Av. Afonso Pena,
1557 Sala 208 Bl.B
79002-070 Campo Grande/MS
Also send copies to diplomatic representatives accredited to your country. Please check with your section office if sending appeals after the above
Date: 21 April 2010
Mato Grosso do Sul state contains some of the smallest, poorest and most densely populated Indigenous areas in Brazil: rural
pockets of poverty surrounded by large soya and sugar cane plantations and cattle ranches where life is plagued by ill-health and
squalid living conditions. Some 40,000 Guarani-Kaiowa Indigenous people live a precarious existence social breakdown has led
to high levels of violence, suicide and malnutrition. Frustrated at the slowness of the land demarcation process, the Guarani-
Kaiowa have begun reoccupying ancestral lands, but have been subjected to intimidation and violent evictions.
In November 2007 the Ministry of Justice, the Federal Public Prosecutor’s Office, FUNAI and 23 Indigenous leaders, signed an
agreement (Termo de Ajustamento de Conduta, TAC) which commits FUNAI to identify 36 different Guarani-Kaiowa ancestral
lands - including Kurussú Ambá land - by April 2010, to be handed over. The state government and the farming lobby have
opposed the process, exaggerating the amount of land that could be identified as Indigenous in the media, and repeatedly trying
to block the process judicially. There are currently over 80 appeals being heard in the Regional Federal Court (Tribunal Regional
Federal) involving Indigenous land in Mato Grosso do Sul.
The Kurussú Ambá community is one of several Guarani-Kaiowa communities who have left the overcrowded reservations and set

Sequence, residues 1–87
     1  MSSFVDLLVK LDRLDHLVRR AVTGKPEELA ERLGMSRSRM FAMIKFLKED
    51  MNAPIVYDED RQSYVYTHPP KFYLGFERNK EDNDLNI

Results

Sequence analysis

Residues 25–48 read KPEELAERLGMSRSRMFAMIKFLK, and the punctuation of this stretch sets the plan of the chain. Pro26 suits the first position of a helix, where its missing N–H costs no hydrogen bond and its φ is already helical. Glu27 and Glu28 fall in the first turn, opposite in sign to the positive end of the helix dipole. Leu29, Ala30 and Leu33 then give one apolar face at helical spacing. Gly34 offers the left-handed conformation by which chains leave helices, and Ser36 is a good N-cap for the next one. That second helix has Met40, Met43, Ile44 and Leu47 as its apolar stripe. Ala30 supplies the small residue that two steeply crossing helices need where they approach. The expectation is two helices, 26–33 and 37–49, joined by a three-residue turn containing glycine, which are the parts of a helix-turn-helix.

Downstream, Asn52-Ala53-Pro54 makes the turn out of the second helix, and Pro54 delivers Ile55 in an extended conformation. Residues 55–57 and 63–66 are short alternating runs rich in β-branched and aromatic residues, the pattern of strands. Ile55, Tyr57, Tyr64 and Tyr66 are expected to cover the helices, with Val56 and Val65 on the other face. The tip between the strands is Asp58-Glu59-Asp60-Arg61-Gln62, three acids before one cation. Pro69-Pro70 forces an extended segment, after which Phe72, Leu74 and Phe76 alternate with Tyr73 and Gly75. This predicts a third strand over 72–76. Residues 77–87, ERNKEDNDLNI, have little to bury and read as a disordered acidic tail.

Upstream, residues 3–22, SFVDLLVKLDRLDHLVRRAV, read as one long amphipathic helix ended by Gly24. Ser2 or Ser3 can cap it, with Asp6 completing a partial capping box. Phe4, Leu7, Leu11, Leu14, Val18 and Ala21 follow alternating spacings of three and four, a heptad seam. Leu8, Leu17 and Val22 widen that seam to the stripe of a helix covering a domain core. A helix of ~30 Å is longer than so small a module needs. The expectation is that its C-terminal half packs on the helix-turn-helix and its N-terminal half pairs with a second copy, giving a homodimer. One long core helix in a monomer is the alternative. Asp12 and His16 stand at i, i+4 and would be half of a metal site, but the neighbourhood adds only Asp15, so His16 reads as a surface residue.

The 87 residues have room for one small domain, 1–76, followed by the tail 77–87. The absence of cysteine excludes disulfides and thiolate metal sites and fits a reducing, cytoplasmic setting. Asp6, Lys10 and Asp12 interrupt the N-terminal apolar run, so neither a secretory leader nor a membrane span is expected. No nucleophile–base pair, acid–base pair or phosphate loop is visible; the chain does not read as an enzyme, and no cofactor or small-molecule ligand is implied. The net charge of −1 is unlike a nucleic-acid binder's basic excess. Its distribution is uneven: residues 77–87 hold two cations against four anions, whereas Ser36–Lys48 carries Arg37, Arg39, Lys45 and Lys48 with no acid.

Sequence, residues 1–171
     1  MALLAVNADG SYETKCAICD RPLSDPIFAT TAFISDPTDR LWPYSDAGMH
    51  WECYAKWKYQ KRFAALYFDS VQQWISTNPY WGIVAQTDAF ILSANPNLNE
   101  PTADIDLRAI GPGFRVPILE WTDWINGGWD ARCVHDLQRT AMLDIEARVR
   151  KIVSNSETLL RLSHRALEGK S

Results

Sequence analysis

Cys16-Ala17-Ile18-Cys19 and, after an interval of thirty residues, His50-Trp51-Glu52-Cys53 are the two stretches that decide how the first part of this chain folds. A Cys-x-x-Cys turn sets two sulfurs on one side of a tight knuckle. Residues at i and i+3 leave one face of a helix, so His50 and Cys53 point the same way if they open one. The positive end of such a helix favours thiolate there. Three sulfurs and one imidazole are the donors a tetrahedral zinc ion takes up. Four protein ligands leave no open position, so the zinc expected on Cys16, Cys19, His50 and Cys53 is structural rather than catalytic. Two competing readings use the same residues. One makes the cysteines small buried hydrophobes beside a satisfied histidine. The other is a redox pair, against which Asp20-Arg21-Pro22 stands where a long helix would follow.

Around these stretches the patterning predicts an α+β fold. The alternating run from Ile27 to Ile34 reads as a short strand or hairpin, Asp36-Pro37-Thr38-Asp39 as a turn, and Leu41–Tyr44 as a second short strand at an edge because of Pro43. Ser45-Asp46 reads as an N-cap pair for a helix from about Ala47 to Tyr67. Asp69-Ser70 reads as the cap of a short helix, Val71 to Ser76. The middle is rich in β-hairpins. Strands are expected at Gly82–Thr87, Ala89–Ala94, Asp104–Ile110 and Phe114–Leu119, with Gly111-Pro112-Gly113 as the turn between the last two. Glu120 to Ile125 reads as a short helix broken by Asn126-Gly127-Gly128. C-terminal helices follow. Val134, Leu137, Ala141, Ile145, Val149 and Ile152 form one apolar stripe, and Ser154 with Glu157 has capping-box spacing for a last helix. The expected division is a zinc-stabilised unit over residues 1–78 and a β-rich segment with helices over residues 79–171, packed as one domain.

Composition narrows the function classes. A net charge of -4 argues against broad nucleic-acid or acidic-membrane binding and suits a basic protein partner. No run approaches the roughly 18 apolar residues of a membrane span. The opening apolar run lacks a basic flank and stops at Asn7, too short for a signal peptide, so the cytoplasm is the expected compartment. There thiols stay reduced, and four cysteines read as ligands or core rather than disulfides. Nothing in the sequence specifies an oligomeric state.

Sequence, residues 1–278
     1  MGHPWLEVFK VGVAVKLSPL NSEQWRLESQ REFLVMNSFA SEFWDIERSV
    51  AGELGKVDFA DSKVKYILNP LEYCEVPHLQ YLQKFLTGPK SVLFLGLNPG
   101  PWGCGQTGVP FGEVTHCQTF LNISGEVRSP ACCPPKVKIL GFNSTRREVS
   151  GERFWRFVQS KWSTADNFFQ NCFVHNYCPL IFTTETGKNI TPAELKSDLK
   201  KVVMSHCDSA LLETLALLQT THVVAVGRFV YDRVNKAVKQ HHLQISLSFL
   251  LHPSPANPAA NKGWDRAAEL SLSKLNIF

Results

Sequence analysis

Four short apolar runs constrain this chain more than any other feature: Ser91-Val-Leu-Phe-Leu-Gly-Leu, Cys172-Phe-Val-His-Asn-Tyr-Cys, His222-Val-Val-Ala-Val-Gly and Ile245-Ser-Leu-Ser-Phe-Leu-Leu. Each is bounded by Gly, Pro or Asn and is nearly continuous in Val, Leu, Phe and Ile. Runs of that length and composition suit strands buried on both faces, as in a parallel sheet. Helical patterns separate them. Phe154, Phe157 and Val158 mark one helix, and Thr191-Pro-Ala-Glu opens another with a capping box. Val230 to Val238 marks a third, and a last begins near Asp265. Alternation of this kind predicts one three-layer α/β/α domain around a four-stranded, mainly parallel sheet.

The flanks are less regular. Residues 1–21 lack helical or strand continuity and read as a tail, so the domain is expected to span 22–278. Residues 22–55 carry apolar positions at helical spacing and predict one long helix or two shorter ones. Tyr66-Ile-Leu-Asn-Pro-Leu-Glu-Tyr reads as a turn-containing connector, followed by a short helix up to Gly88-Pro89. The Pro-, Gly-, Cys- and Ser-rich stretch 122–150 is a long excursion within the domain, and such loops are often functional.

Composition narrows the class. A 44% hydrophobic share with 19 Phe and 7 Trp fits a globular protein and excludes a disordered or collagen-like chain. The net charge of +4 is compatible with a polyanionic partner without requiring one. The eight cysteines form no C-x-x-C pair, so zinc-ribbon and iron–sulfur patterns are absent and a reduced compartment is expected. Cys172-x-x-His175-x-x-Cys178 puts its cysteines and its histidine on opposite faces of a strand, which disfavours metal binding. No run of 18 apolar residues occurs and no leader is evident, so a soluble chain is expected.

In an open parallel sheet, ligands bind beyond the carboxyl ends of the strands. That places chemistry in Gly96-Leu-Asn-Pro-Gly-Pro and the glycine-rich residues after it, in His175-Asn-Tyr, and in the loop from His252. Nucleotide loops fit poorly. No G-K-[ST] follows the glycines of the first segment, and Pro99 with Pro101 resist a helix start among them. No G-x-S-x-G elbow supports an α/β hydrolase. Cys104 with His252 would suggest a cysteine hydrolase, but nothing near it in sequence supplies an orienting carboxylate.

up shacks by the side of the highway, near their ancestral lands. They have been subject to repeated threats from gunmen linked
to local farmers. Four community members have been shot and three killed since 2007. Investigations have been inadequate and
no one has yet been prosecuted for these crimes. Small children, pregnant women and the elderly have been living for years in
totally inadequate housing, with poor healthcare and no access to basic services, including water. The community has repeatedly
denounced their situation to local and federal authorities. Lack of any concrete action has resulted in a several attempts to
reoccupy their ancestral lands.
Indigenous peoples enjoy specific rights under international standards. The two key standards that deal with Indigenous Peoples’
rights are International Labour Organization (ILO) Convention No. 169 concerning Indigenous and Tribal Peoples, and the UN
Declaration on the Rights of Indigenous Peoples, adopted by the UN General Assembly in 2007. Brazil was an early participant
in the UN Working Groups that drafted the Declaration and voted for its adoption, noting that Indigenous Peoples in Brazil “were
crucial to the development of society at every level, including the development of spiritual and cultural life for all.”
Together, Convention No. 169 and the Declaration on the Rights of Indigenous Peoples provide a robust normative framework.
They affirm Indigenous Peoples’ right to their traditional lands, along with their right to free, prior and informed consent in
relation to developments that may affect these lands.
UA: 89/10 Index: AMR 19/003/2010 Issue Date: 21 April 2010